Welcome to CanadianHedgeWatch.com
Wednesday, November 13, 2019

Due Diligence Preparation Can Pay Off


Date: Friday, February 22, 2008
Author: Mark DiMaio & Scott Gallagher, Ernst & Young LP

The key to efficiently and effectively responding to investors' growing demand for information disclosure from both investors and regulators is due diligence.

Investors in alternative investment vehicles such as hedge funds, funds of funds, private equity funds, commodity pools and venture capital funds are increasingly conducting substantial levels of due diligence to identify both investment and operational risks. U.S. and European regulatory authorities are also requiring increasing levels of public disclosure by alternative investment vehicles. Driving factors include:

  • An increasing trend of consolidation in the hedge fund and private equity world with more alternative investment funds seeking to sell out to larger competitors and investment banks. The largest 100 hedge funds control approximately 70% of invested assets, up from less than 50% at the end of 2003, according to the Wall Street Journal.
  • The President's Working Group on Financial Markets has created two advisory groups to develop best practices for hedge fund investors and managers. These advisory groups are developing due diligence guidelines for investors including the types of information that investors should receive and what valuation and performance data should management divulge. Results are expected in the first quarter of 2008. In a similar vein, the European Hedge Fund Working Group is developing a framework for voluntary global disclosure, and operating practices to stave off calls for statutory regulation of the industry.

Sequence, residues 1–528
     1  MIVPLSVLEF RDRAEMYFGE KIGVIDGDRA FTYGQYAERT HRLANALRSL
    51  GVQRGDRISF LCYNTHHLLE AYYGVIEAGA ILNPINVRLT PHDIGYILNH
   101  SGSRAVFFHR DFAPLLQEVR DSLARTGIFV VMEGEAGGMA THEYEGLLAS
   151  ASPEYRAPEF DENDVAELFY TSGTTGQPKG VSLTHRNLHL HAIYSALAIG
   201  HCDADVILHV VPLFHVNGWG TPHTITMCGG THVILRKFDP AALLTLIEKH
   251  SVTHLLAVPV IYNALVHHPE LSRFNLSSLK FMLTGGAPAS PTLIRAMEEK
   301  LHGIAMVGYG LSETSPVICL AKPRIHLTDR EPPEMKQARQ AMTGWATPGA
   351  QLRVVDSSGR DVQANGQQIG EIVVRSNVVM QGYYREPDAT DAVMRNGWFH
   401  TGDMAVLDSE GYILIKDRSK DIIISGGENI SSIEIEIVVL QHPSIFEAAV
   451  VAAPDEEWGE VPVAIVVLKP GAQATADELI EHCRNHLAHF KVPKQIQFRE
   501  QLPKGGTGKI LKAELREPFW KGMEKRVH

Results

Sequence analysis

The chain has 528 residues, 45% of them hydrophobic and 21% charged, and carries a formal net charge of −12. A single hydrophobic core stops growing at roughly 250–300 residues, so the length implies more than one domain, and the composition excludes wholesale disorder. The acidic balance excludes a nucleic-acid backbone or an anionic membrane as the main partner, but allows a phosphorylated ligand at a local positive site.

• In a changing regulatory environment the U.S. Securities and Exchange Commission and other regulatory bodies are increasing scrutiny of alternative investment vehicles, as well as the basis for statutory exclusions and safe harbor provisions that enable these vehicles to avoid various security regulations.
  • The SEC continues to push for increased hedge fund investment disclosure, particularly in private investments in public equity (PIPE) deals where it is requesting information about finders, brokers, promoters as well as fund employee conflicts of interest in PIPE deals.
  • Credit rating agencies are conducting their own due diligence exercises to support credit rating assignments to post-initial public offering hedge fund and private equity vehicles.

  • In this changing competitive and regulatory environment it is important for fund managers to get ahead and stay ahead of this demand for information as investors and regulators will comparatively assess ability to respond efficiently and effectively versus peer entities. Therefore, in the interest of sound management, alternative investment managers should develop practices to minimize response time while maintaining consistency in disclosures to investors and regulators.